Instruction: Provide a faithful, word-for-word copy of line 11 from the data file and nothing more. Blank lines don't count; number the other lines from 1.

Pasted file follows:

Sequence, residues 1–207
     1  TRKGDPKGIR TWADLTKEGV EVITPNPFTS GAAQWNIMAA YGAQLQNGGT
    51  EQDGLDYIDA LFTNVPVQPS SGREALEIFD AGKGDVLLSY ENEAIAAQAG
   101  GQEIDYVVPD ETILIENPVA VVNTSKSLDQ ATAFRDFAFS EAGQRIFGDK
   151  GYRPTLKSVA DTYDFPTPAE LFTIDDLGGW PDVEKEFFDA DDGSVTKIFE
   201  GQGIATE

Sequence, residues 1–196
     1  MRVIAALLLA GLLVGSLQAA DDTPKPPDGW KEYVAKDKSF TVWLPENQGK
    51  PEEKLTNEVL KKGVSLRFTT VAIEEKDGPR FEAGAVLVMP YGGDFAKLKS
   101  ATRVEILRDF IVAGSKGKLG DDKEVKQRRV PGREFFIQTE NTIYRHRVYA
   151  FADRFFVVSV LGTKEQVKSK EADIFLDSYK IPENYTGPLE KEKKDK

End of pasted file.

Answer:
   151  FADRFFVVSV LGTKEQVKSK EADIFLDSYK IPENYTGPLE KEKKDK